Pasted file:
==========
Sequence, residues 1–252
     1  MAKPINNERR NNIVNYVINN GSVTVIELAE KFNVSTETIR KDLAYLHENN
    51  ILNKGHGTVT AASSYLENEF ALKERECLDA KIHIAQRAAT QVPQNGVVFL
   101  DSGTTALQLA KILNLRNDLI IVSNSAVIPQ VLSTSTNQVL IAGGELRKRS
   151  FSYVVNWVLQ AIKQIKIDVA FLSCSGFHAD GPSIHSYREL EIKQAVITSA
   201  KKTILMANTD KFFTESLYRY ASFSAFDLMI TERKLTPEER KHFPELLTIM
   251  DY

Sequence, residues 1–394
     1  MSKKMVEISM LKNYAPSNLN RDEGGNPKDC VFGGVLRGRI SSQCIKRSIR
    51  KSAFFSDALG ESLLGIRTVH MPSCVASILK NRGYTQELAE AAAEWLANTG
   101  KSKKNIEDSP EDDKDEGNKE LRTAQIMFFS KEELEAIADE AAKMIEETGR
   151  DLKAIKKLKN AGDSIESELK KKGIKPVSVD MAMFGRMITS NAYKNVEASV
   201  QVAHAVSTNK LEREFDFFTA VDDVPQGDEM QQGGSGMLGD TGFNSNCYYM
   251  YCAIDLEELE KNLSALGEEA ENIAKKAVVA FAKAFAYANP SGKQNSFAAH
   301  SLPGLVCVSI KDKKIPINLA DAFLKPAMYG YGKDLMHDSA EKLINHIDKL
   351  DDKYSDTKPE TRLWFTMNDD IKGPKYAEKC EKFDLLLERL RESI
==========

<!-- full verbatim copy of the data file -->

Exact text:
Sequence, residues 1–252
     1  MAKPINNERR NNIVNYVINN GSVTVIELAE KFNVSTETIR KDLAYLHENN
    51  ILNKGHGTVT AASSYLENEF ALKERECLDA KIHIAQRAAT QVPQNGVVFL
   101  DSGTTALQLA KILNLRNDLI IVSNSAVIPQ VLSTSTNQVL IAGGELRKRS
   151  FSYVVNWVLQ AIKQIKIDVA FLSCSGFHAD GPSIHSYREL EIKQAVITSA
   201  KKTILMANTD KFFTESLYRY ASFSAFDLMI TERKLTPEER KHFPELLTIM
   251  DY

Sequence, residues 1–394
     1  MSKKMVEISM LKNYAPSNLN RDEGGNPKDC VFGGVLRGRI SSQCIKRSIR
    51  KSAFFSDALG ESLLGIRTVH MPSCVASILK NRGYTQELAE AAAEWLANTG
   101  KSKKNIEDSP EDDKDEGNKE LRTAQIMFFS KEELEAIADE AAKMIEETGR
   151  DLKAIKKLKN AGDSIESELK KKGIKPVSVD MAMFGRMITS NAYKNVEASV
   201  QVAHAVSTNK LEREFDFFTA VDDVPQGDEM QQGGSGMLGD TGFNSNCYYM
   251  YCAIDLEELE KNLSALGEEA ENIAKKAVVA FAKAFAYANP SGKQNSFAAH
   301  SLPGLVCVSI KDKKIPINLA DAFLKPAMYG YGKDLMHDSA EKLINHIDKL
   351  DDKYSDTKPE TRLWFTMNDD IKGPKYAEKC EKFDLLLERL RESI